I can still be excluded. So Tunks’ claim of the “removal of sex based rights” is a lie. My friend’s GRC got her her state retirement pension early, when women could claim it earlier than men, but all mine has got me is an extract birth certificate no one else has seen. Originally it affected marriage- it meant in 2005 that I could marry a man, though not in church, but after marriage reform that no longer makes a difference.
Tunks is fear-mongering. The only change which even reached the consultation stage was GRA reform, on which no proposals are likely two years after the consultation was announced. Yet she uses an obscure report on which the Government will not act to foment fear and anger against trans women.
When Tunks complains of the “removal of sex based rights” she is lying. I can still be excluded from women’s spaces, where I have been on suffrance since 2001, harmlessly. She complains of changes in such strong terms, when no changes are happening.
Tunks goes on to complain about widespread hostility to her hate group. She mentions Leeds city council cancelling their meeting, which Leeds did in pursuance of their Public Equality duty, to further the aims of the Equality Act. She mentions a few publications which have opposed her group, such as Red Pepper, but acknowledges that the Times, Spectator and the tabloids enthusiastically support her position. She complains that the Guardian does not, and indeed the Guardian has published some articles in favour of trans rights, but also the most transphobic article I have seen, comparing us to a murderer.
She tells falsehoods to spread hate and fear. This is not an organization you should tolerate in a Quaker meeting house.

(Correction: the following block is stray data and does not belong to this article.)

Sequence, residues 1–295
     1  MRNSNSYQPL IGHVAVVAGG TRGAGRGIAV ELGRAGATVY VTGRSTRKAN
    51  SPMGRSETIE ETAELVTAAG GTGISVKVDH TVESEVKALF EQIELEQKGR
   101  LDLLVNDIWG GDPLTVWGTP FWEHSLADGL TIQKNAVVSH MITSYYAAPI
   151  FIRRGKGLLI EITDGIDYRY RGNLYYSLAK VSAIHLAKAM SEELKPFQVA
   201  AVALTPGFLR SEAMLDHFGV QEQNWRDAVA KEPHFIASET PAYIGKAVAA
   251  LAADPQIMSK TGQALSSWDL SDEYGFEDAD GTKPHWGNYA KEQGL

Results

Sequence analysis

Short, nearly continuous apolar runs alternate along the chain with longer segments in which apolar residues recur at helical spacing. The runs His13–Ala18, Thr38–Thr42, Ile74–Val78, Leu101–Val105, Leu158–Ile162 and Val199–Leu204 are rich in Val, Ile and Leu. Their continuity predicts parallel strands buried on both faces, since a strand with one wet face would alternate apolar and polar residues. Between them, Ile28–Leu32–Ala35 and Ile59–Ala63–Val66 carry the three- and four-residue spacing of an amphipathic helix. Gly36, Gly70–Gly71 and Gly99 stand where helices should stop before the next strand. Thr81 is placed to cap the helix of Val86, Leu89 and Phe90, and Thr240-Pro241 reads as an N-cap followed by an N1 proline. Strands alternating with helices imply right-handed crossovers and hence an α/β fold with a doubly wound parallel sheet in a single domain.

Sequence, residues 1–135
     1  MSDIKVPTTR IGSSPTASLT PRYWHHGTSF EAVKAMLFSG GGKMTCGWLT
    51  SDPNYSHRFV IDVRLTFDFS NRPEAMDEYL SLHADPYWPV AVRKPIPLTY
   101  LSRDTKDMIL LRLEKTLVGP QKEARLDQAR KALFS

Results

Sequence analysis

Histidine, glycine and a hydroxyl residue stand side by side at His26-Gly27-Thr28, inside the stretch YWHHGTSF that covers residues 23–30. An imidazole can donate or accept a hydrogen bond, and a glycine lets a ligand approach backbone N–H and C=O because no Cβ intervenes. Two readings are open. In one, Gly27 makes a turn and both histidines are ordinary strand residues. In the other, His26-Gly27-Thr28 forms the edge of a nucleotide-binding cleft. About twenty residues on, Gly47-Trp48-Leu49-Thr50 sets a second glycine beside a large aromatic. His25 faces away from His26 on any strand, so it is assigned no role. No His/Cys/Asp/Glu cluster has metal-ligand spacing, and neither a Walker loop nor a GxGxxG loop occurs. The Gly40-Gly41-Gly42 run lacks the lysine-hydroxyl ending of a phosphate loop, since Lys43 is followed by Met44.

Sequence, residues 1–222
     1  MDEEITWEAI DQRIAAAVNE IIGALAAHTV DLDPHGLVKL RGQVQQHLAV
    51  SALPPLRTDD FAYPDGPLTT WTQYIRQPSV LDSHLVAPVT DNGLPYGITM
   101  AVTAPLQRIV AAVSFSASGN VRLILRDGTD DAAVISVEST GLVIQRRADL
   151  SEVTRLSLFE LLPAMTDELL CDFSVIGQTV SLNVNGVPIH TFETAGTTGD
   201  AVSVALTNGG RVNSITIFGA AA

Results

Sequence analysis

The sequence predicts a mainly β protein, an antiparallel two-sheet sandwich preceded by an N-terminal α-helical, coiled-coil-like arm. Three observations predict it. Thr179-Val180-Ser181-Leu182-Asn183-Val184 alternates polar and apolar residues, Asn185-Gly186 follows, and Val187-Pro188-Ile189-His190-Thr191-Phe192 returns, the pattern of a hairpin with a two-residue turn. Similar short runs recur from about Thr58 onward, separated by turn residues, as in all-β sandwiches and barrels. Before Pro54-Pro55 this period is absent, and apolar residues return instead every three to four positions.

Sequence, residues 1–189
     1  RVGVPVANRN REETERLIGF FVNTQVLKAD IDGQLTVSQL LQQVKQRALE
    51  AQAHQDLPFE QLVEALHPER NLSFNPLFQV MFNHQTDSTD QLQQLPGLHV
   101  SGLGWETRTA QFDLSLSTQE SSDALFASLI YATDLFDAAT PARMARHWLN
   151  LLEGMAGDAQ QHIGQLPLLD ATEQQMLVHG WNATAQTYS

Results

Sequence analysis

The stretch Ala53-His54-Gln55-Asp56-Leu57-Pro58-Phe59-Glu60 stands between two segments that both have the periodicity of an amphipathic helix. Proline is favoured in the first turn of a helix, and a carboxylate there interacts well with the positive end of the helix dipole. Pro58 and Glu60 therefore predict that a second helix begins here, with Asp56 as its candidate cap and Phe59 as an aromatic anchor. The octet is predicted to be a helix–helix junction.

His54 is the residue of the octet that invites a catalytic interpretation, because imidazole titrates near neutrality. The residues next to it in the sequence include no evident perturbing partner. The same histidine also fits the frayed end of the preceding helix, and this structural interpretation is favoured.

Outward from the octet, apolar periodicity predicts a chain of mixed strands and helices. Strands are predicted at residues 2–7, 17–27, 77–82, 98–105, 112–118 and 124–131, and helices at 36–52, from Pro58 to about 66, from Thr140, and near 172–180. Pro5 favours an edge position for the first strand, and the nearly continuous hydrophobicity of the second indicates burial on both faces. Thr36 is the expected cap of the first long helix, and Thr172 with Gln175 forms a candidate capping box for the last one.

In a long rambling speech Linda Bellos, previously my feminist hero and exemplar, makes a number of false allegations. She claims she will uphold rights of gender reassignment under the Equality Act, but then suggests the law may be changed. There is only the slightest possibility of a law change as I have explained, but she does not acknowledge that. Perhaps she does not understand the position.
She makes specific allegations about lesbians. “Lesbians have been taken out of LGBT.” “The government was minded to make amendments to law detrimental to lesbian well being.” “LGBT has dropped the L.” This is not what Diva magazine says, nor Ruth Hunt, chief executive of Stonewall.
“I will fight,” says Bellos. “I am treated like a n—er.” What can I say? Many lesbians and lesbian organizations support trans rights. There will be no change to the law affecting women’s rights, and I can be excluded at any time from the women’s spaces I have entered harmlessly on suffrance since 2001. Yet these people foment fear of me and people like me in a Quaker meeting house. I hope the meeting will apologise and undertake to spread the truth of the matter.
In June the meeting stated on Facebook, “we acknowledge that the proposed change to the Gender Recognition Act is both important and divisive,” which suggests they do not understand the legal position. WPUK appear to recognise it is not, which is why they have dug up the earlier report.
So, are Norwich Quakers transphobic? Possibly some are; but the meeting has condoned a hate-filled anti-trans propaganda session on their premises. Their ignorance is no excuse: many Quakers can inform them of the nature of that group, and Brighton Quakers apologised a year ago for considering letting a room to them. When I went to Norwich Quaker meeting house to explain my experiences, this is what I said.
This month Norwich Quakers published this image. I wish they would live up to it. 9 March 2020: Unfortunately, they have published a screed about their experience of hosting WPUK, which is epically transphobic.